DOLPHIN RESCUED YESTERDAY BY TEAM OF PROFESSIONALS
A dolphin calf once entangled in fishing line and gear is swimming freely again with its mother after being rescued yesterday by a team of biologists, a commercial fisherman, veterinarians, and law enforcement personnel.
The young male dolphin was seen over the past few weeks in Lemon Bay, near Englewood, Florida, with fishing line and gear wrapped around its body and tail as well as through its mouth.
Staff from the Chicago Zoological Society’s (CZS) Sarasota Dolphin Research Program based in Florida led a team experienced in stranding response along Florida’s west coast in catching both mom and her calf, removing the embedded gear, conducting a brief health assessment, and successfully releasing them back into the wild.
In order to keep mom and her calf calm, biologists held both close together while the team disentangled the animal from fishing line embedded in his tail and mouth. The pair exchanged whistles with each other as they were held.
The entanglement was significant, with fishing line cutting through each side of the calf’s tail. The line also was embedded in tissue in the calf’s mouth, forming a “bridle." The team was able to cut the line and pull it out, give the calf an antibiotic shot, take measurements, and collect a blood sample. After about an hour of treatment the calf was free of gear and both animals swam away looking strong. In the coming weeks, CZS biologists will monitor the calf's progress.
In addition to Chicago Zoological Society staff, the rescue, which was conducted under a NOAA permit, included collaborating partners from Florida Fish and Wildlife Conservation Commission, Mote Marine Laboratory, the University of Florida’s College of Veterinary Medicine, Clearwater Marine Aquarium, and Charlotte County Sheriff’s Office.
“The success of this rescue was largely due to the fact that our amazing team of collaborators has worked together on many other rescues and dolphin health assessment projects over the years along the west coast of Florida,” said Randy Wells, director of the Chicago Zoological Society’s Sarasota Dolphin Research Program. “Such experience and expertise is crucial for safely and effectively intervening with a compromised young dolphin.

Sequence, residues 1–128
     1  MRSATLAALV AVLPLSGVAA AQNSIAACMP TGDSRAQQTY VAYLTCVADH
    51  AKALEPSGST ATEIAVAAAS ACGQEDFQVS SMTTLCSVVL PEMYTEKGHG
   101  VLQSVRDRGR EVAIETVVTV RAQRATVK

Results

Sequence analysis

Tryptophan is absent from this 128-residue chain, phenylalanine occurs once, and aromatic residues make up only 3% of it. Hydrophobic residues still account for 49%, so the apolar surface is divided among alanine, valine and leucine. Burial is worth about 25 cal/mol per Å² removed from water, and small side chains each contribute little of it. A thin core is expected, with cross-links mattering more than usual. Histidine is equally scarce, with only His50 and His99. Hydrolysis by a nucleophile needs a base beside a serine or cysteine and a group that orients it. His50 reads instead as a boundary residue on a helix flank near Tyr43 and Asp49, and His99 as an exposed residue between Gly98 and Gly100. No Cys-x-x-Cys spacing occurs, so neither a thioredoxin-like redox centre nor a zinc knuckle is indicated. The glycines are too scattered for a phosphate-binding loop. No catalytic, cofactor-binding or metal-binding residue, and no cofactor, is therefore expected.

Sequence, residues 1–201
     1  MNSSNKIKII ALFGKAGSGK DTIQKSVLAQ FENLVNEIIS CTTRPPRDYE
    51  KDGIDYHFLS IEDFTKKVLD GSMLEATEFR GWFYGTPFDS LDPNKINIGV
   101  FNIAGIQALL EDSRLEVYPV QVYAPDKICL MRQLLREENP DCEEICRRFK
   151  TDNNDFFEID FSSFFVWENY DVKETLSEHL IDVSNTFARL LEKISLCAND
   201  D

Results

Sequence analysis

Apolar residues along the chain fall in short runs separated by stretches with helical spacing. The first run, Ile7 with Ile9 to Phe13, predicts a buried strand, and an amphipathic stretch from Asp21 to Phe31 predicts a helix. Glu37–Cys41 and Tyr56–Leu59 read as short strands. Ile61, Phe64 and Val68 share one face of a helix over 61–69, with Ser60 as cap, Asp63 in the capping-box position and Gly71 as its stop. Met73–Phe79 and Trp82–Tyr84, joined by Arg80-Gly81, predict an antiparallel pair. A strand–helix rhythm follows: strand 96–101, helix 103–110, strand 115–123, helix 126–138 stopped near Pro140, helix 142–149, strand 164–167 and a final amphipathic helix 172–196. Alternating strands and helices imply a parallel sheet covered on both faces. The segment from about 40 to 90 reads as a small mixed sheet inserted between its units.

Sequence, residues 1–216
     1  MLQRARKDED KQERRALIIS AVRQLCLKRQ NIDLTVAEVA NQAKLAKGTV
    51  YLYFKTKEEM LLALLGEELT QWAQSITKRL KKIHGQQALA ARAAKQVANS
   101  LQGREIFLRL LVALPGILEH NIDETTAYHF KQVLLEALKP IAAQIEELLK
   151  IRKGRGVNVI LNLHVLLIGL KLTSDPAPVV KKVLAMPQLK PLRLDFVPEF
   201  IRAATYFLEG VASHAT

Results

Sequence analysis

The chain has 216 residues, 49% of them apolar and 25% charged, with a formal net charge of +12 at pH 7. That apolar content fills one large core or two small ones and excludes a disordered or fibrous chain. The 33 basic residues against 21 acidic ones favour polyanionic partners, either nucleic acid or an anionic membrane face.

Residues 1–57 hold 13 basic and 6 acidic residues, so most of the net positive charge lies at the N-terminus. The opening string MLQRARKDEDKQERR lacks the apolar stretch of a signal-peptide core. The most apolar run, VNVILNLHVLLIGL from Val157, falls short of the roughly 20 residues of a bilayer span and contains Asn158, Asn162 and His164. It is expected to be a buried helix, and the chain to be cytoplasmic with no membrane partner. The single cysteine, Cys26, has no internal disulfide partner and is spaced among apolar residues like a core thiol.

With many families from the Chicago area heading to Florida for the upcoming spring break, it is important to remember to admire wildlife from a distance as well as dispose of trash and recreational gear in a proper manner. Those who are fishing and dolphins come by, should reel in their lines and enjoy the view until the dolphins are gone from the area.
The best way to help marine life in trouble is to call trained responders, report your location and wait near the animal. Please call 1-877-WHALE HELP to report injured or dead marine life or use NOAA's Dolphin and Whale 911 phone app.
About the Chicago Zoological Society
The mission of the Chicago Zoological Society is to inspire conservation leadership by connecting people with wildlife and nature. The Chicago Zoological Society is a private nonprofit organization that operates Brookfield Zoo on land owned by the Forest Preserves of Cook County. The Society is known throughout the world for its international role in animal population management and wildlife conservation. Its Center for the Science of Animal Care and Welfare is at the forefront of animal care that strives to discover and implement innovative approaches to zoo animal management. Brookfield Zoo is the first zoo in the world to be awarded the Humane Certified™ certification mark for the care and welfare of its animals, meeting American Humane Association’s rigorous certification standards. Open every day of the year, the zoo is located at 8400 31st Street in Brookfield, Illinois, between the Stevenson (I-55) and Eisenhower (I-290) expressways and is also accessible via the Tri-State Tollway (I-294), Metra commuter line, CTA and PACE bus service. For further information, visit CZS.org.